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Abstract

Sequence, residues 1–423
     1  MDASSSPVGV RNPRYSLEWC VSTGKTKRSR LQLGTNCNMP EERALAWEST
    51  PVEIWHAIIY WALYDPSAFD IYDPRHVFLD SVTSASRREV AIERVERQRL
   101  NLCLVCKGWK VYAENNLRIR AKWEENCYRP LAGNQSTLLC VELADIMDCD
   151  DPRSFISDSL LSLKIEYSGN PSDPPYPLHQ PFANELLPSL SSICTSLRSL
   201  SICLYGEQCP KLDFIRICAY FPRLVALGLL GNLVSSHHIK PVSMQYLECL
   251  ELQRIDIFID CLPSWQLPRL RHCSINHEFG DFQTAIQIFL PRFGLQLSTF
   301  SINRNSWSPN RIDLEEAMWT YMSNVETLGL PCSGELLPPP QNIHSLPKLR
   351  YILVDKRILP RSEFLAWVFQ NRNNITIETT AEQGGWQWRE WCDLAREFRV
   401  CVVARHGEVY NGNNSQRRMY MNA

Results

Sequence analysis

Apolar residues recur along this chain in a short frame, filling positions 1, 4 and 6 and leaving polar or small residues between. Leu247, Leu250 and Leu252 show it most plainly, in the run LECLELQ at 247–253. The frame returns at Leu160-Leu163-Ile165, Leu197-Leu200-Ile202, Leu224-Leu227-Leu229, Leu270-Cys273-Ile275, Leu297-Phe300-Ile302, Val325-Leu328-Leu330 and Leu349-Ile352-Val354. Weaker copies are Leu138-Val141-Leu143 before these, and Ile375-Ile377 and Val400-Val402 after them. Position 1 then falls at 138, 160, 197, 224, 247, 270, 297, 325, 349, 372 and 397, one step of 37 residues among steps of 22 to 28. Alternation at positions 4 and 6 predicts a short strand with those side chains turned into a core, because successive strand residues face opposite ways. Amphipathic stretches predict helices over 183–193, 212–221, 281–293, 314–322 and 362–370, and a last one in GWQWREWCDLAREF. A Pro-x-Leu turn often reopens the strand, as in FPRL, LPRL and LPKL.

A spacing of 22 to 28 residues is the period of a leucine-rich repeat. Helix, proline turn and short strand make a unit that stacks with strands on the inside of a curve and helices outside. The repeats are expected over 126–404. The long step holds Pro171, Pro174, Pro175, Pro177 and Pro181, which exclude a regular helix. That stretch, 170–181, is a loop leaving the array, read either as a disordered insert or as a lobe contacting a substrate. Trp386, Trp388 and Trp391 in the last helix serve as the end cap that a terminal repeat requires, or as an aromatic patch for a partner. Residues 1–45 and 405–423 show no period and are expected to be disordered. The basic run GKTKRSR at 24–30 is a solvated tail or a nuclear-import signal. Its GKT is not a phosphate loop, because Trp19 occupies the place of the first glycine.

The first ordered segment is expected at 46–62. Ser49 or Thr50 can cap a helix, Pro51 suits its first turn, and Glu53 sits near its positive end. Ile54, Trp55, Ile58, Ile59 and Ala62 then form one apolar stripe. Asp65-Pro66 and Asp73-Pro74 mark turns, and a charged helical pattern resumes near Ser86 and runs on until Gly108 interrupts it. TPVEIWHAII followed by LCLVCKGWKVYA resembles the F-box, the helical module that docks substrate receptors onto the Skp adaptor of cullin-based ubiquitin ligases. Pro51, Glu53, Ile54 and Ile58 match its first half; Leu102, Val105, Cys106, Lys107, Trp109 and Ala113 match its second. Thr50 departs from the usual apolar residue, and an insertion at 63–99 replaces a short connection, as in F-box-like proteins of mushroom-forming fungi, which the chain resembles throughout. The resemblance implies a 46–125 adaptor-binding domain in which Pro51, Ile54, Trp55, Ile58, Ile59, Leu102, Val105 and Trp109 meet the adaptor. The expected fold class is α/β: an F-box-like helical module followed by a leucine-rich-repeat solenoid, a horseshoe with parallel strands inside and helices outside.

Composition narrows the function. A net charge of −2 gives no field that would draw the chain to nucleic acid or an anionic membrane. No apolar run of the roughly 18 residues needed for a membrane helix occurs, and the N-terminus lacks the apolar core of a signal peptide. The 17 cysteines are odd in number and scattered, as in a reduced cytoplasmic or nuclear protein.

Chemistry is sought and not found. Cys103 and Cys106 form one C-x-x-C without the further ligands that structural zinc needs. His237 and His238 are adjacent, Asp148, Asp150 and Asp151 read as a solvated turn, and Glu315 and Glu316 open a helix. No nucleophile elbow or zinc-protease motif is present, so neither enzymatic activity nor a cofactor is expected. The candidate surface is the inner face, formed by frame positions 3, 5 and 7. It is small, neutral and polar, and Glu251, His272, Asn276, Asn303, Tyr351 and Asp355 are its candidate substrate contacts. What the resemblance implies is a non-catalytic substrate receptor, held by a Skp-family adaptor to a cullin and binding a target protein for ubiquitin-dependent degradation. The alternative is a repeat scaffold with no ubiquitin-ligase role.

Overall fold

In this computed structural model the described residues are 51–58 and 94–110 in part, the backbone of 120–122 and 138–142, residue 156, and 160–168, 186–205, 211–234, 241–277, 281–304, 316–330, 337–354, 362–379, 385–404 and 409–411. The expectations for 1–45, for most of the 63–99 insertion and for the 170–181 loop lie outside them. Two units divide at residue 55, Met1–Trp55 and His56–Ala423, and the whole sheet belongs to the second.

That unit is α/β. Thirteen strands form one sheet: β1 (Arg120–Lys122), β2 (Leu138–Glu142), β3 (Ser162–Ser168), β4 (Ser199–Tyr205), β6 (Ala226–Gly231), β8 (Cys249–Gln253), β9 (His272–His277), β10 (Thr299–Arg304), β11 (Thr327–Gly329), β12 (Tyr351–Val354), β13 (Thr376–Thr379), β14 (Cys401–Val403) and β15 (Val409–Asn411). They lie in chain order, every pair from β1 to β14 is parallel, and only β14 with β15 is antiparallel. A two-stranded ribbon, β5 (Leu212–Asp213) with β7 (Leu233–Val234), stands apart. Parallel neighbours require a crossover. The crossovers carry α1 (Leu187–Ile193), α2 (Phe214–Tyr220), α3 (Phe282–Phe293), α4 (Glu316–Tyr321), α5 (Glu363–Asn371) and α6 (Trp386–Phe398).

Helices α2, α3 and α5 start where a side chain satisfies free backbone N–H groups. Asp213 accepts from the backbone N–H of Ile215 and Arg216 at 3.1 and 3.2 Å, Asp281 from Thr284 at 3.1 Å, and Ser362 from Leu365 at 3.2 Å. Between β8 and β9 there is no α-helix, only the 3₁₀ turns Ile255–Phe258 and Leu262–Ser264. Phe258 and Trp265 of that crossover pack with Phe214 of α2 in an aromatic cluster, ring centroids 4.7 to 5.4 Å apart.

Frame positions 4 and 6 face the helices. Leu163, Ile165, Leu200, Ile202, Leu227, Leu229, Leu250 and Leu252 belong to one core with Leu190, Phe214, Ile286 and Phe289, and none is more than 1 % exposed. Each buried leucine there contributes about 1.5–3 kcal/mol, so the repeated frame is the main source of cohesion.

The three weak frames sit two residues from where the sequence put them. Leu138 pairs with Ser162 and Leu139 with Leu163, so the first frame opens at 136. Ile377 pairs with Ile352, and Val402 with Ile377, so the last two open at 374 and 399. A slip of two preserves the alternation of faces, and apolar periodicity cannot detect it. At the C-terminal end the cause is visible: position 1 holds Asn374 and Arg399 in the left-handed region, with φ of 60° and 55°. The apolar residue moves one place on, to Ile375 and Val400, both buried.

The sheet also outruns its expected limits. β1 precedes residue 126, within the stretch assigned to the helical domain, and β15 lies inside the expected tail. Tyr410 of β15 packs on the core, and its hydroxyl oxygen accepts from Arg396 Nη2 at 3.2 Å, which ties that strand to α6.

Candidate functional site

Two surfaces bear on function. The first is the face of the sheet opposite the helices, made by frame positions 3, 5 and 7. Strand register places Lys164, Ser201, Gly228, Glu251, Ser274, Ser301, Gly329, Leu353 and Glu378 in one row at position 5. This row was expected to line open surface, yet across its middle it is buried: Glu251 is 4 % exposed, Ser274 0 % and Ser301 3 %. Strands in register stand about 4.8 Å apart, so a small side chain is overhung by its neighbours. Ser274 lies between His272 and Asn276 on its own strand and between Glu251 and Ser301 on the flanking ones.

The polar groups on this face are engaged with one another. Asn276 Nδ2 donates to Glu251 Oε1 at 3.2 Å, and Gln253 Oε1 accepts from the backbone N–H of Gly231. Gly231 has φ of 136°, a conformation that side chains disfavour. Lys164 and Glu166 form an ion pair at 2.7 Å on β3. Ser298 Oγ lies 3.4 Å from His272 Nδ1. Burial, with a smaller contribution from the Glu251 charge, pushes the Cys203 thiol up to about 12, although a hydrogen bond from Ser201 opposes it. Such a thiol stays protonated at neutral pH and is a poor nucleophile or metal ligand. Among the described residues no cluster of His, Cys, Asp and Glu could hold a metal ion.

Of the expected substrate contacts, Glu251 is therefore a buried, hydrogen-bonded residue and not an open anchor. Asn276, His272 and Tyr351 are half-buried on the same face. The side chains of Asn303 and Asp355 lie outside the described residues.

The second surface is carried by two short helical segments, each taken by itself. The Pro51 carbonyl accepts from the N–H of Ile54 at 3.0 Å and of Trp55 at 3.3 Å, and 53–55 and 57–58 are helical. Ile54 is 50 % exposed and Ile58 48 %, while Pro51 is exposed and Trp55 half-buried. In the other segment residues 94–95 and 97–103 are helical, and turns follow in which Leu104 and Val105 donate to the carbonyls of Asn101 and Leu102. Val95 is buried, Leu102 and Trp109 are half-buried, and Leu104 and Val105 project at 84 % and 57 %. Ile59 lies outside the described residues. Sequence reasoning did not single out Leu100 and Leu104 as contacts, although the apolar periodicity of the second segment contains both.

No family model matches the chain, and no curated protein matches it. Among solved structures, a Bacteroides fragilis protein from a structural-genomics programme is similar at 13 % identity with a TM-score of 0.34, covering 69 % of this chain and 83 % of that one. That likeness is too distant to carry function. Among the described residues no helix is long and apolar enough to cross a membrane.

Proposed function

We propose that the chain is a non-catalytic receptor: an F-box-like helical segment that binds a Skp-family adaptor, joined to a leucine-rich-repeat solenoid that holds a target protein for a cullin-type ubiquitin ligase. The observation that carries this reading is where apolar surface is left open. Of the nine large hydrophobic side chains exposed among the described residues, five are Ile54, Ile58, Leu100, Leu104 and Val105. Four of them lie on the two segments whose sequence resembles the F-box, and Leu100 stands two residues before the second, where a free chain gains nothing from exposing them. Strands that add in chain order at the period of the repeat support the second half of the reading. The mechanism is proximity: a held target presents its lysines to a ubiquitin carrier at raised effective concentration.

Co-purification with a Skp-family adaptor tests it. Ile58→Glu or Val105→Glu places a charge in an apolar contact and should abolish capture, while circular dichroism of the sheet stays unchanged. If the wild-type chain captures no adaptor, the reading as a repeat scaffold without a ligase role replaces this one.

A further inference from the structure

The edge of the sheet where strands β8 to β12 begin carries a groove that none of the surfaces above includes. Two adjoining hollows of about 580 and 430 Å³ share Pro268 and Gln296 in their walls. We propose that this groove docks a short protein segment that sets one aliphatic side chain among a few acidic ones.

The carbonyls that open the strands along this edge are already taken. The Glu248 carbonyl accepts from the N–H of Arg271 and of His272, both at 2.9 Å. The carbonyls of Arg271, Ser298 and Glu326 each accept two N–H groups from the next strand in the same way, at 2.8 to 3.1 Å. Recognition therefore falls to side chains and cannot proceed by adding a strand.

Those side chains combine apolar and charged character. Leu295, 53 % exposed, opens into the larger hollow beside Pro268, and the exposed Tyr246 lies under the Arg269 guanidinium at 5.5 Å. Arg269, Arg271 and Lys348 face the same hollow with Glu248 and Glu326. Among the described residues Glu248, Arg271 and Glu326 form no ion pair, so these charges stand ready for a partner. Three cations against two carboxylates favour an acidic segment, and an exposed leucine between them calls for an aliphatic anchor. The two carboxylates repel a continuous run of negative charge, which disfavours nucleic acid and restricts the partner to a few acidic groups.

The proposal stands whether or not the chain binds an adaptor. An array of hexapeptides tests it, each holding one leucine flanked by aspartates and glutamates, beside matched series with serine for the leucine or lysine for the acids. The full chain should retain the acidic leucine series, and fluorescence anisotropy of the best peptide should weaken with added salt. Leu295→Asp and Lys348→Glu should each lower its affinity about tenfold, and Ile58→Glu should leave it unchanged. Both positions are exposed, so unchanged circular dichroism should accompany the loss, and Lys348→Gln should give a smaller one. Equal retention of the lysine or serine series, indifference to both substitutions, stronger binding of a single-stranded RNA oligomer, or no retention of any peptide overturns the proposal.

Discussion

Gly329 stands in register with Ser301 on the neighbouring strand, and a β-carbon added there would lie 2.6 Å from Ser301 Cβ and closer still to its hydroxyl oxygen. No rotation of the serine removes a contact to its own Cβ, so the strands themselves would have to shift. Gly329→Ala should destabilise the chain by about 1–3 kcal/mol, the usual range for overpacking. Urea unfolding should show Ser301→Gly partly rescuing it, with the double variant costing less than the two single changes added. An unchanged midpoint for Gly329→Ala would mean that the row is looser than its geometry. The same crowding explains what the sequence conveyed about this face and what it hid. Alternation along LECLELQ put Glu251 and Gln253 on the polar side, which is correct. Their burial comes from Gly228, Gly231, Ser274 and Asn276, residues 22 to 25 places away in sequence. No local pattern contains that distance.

The thousands of debris flows that mobilized from shallow slides in the San Francisco Bay region during the rainstorm of January 3-5,1982, left evidence of the range in soil textures susceptible to mobilization and of differences in completeness and speed of mobilization. These differences in mobilization are related to a broad range in the ratio of saturated water content to liquid limit, which we have used as an approximate index of mobilization potential. To understand such differences in mobilization, we have explored the transformation from slide to flow, using relations among inplace void ratio, void ratio needed for flow from the slide scar, and the steady-state line. These relations define two principal means of direct transformation from slide to flow: contractive soil behavior, which commonly results in liquefaction, and dilative soil behavior, which in many cases probably results in partial mobilization of the slide mass. These means of mobilization determine the completeness of mobilization of slides and the time required for mobilization; they also influence the thickness and lumpiness of deposits, as well as the travel distance of debris flows. These relations permit means of mobilization to be predicted in both an approximate and a precise manner through soil testing.

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